As will be discussed in a greater detail below, the PET scanner 28 acquires electronic data which is reconstructed into a PET blob image by a PET reconstruction processor or process 50 and stored in a PET blob image memory 52. A suitable blob reconstruction algorithm is described in Lewitt (1990) and Lewitt (1992).

With reference to FIGS. 2 and 3, blobs can be conceptualized as spheres each centered on a corner point or a body center point of a body-centered cubic arrangement. The spheres are larger than the spacing of corner points 52, e.g., a diameter equal to 2 times the corner to corner point spacing. Within each blob, the gray scale (or intensity value) is largest at the center and decreases toward the periphery with a spherically symmetric Bessel function, Gaussian, or other smooth or piecewise smooth curve as seen in FIG. 4.

With reference again to FIG. 1, the CT scanner 14 acquires the scan data which is reconstructed into a 3D CT voxel image by a CT reconstruction processor or process 56 and stored in a CT image memory 58. The CT data is preferably reconstructed into rectangular voxels defined by a 3D cartesian coordinate system. Typically, the CT voxels are significantly smaller than the PET corner point spacing, e.g. 1 to 3 mm versus 3 to 6 mm. An interpolation processor or process 62 interpolates the PET blob image directly into the CT voxel space, i.e. an image with the same 3D cartesian grid and voxel size as the CT image. Once the PET and CT images are in the same space, they are readily summed or otherwise combined. A resultant composite image is stored in a composite image memory 64. A video processor 66 processes the received composite PET-CT data for a display on one or more monitors 68.

With continuing reference to FIG. 1, sometime prior to scanning, a transformation matrix between the CT and PET portions of the imaging system 10 is determined by using a phantom 70 which includes CT-nuclear markers 72. An exemplary CT-nuclear marker 72 includes a disc or sphere of dense, CT imageable material and radioisotope marker at its center. The marker might be constructed of glass-filled Teflon or other suitable material, having a significantly different CT number from the phantom, to be readily identified during the CT scan. Typically, the radioisotope marker is the vial containing an isotope with a relatively long half-life, preferably of more than 100 days, to prevent frequent replacements. For the PET-CT combination, a preferential isotope is Na-22 with a half-life of 2.6 years. However, isotopes with shorter half-lives such as Ge-68 might be used as well. For the SPECT-CT combination, the isotope for the radioisotope marker is selected from the isotopes having a half-life more than 100 days and a strong energy peak between 50 keV and 600 keV. Examples of appropriate SPECT imageable isotopes are Co-57, Gd-153, Cd-109, Ce-139, Am-241, Cs-137 and Ba-133.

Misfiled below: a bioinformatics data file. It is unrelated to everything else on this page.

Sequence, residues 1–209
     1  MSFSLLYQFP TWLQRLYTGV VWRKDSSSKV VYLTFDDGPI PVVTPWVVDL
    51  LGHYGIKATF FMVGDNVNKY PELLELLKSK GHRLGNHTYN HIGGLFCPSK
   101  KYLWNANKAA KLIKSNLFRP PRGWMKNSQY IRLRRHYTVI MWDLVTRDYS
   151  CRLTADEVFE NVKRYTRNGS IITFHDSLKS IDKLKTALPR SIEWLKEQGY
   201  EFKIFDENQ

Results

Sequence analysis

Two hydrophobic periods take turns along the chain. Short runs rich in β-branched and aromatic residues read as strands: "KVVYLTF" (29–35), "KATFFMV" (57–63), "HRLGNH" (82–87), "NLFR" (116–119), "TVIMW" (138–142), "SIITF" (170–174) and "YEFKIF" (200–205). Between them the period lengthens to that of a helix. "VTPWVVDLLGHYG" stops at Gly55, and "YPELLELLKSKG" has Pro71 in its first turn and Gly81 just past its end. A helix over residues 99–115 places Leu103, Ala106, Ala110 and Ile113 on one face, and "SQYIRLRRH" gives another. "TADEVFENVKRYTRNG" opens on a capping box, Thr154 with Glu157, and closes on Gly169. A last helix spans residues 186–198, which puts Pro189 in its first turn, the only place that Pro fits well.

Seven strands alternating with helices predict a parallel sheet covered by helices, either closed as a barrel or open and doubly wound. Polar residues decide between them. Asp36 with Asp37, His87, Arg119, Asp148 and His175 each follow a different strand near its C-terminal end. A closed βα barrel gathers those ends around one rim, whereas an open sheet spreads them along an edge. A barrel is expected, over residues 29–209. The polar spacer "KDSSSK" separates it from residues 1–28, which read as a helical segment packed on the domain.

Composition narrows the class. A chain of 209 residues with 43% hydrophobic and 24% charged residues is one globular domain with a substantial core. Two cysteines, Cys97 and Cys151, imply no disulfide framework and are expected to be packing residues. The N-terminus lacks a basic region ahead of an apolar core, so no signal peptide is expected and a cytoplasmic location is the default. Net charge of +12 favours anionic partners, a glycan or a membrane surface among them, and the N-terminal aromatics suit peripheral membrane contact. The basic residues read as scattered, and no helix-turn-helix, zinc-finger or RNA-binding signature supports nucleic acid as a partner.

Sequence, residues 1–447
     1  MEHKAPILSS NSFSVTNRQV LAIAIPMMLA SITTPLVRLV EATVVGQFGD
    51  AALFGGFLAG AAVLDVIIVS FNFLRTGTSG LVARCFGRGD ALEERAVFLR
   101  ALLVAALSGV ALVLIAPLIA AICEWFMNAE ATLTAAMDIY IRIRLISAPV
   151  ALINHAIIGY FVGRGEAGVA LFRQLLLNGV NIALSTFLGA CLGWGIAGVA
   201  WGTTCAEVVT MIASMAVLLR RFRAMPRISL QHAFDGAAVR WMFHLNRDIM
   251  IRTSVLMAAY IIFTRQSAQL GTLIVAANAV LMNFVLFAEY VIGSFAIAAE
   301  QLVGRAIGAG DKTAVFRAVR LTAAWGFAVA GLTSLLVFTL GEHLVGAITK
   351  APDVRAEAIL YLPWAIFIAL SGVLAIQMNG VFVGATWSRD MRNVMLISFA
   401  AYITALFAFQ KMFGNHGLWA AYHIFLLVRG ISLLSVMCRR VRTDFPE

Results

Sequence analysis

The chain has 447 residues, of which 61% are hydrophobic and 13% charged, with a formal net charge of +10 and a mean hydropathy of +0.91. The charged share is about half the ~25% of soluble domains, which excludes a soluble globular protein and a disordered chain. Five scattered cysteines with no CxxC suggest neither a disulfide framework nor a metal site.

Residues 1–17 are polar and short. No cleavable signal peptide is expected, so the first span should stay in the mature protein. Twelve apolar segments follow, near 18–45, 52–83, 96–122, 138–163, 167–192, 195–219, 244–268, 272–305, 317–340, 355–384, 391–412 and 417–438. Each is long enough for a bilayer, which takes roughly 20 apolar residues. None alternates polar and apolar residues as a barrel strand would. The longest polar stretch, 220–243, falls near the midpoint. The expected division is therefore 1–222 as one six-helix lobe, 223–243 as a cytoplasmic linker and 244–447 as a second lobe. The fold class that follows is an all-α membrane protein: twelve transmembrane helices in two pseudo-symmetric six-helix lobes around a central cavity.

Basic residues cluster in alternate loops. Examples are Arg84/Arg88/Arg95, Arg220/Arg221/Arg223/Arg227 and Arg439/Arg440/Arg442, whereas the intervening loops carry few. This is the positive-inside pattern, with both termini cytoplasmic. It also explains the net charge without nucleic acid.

The couch 32 with the phantom 70 is moved by the couch moving means 42 into the examination region 40 for a 3D image to be generated by the PET scanner 28. Electronic data is reconstructed into a PET image by the PET reconstruction processor or process 50. The coordinates of a center of mass of each radioisotope marker are determined.

Next, the couch moving means 42 moves the couch 32 to position the phantom 70 in the CT scanner examination region 24, where the CT image is taken. Electronic data is reconstructed into a 3D CT image of the center of mass of the CT markers by the CT reconstruction processor 56. The radioisotope markers position coordinates, calculated for the PET image, are translated into CT image space using the known geometry and mechanical alignment of the PET and CT scanners. The coordinates of the corresponding markers are determined. The transformation parameters or matrix is next determined, e.g. the amount of linear shift, scaling, rotation, and, optionally, non-linear translations to bring the PET image and the CT image into precise alignment. The transformation parameters are stored in a calibration memory 80 and are used by an aligning processor or means 82 to align PET and CT images with each other in the interpolation process 62 of subsequent scans. For example, the aligning means 82 can apply the determined transform to the corner and center points of the PET blob image to align the blob image with the CT image.

With continuing reference to FIG. 1 and further reference to FIG. 5, the couch 32 with an object is moved by the couch moving means 42 into the examination region 40 for a 3D image to be generated by the PET scanner 28. Electronic data is reconstructed into a blob space by the PET reconstruction processor 50.

Generally, the continuous distribution (x, y, z) of a 3D scanned object can be approximated by a sum of scaled and shifted overlapping copies of the basis function Φ(x) whose centers are arranged on a grid with grid points p(xn, yn, zn):

f ( x , y , z ) = n = 0 N - 1 c n Φ ( x - x n , y - y n , z - z n ) ( 1 )